The asparagus was done one of my favorite ways. Wash the asparagus then pat them dry. Snap or cut the woody ends off, then peel the outer skin off the bottom section. If your cooking with kids you could have then help with the snapping of the stems (Aidan was too busy playing Wii to want to cook with me!) Toss in olive oil, salt and pepper. I actually cooked mine in my Foreman Grill but you can do them under the broiler or in a vegetable basket on the grill. Cook until bright green and softened.
The corn was done simply by boiling for about 6 min in a lightly sugar seasoned water. Another good place for kiddos to help is with the shucking of the corn - though you might want to check them over for silk strands if your dealing with young kids.
We are using this day to get caught up on some of our household projects. This morning I finished planting a small garden we added to the side of the house and my husband is outside currently moving a few plants around in our front garden and mulching. I am hoping to get started on building our compost bin this afternoon - a segment a will photo blog and share with all of you!
Well, I am off to labor on this labor day. I hope you enjoy your Labor Day festivities (or rest as you should!)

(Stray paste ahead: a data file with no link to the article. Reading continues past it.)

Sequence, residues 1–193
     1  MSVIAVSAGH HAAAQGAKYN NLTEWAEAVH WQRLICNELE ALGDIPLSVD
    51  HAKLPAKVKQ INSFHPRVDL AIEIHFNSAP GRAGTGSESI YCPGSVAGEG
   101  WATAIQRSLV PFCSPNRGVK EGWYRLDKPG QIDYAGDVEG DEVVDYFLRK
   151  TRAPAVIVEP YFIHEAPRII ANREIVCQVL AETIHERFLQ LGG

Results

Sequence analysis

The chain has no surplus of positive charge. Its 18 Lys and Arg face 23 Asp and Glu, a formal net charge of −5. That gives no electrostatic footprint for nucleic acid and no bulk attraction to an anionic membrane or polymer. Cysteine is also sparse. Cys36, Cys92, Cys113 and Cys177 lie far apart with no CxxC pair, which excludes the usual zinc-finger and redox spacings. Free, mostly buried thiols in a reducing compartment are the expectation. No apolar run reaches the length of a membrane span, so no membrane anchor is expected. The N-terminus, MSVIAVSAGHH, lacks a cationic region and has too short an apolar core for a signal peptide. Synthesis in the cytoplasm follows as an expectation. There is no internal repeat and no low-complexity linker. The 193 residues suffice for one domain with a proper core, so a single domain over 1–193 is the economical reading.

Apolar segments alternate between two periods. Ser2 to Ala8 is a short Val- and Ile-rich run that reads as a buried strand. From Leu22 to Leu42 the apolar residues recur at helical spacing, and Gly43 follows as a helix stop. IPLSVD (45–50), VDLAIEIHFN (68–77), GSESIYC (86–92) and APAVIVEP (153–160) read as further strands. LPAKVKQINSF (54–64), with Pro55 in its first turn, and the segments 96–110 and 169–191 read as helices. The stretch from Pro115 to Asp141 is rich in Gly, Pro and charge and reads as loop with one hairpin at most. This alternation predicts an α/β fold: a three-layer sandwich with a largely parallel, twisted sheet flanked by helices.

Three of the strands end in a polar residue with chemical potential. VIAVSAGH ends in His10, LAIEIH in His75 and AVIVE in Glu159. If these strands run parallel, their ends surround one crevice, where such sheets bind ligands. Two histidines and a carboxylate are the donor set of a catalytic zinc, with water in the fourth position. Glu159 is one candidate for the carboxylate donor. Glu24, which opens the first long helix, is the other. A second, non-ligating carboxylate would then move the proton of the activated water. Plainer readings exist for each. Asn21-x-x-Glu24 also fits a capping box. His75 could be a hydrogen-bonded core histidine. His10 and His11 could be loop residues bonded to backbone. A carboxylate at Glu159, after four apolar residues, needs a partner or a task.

Sep 4, 2009
Empty cereal box? Make sure there are no crumbs in the bottom, close and tape it shut. I wouldn't suggest the cans unless you use a safety can opener that breaks the seal to there are no sharp edges - though I find it hard to get the lid back on. They could use the plastic strawberry containers and put blocks in to represent the fruit. Give them some pots and pans and wooden spoons to "cook" with. You could also give them an old shirt or jacket that would have been in the rag bag to use as a chef coat!
You don't need a fancy kitchen set for them to use imaginative play, a table, chair, even the couch can become the stove or table. My son even turns his puzzle holder into a restaurant counter where he asks what we would like for breakfast then turns around and makes it - representing the food with his puzzle pieces and blocks.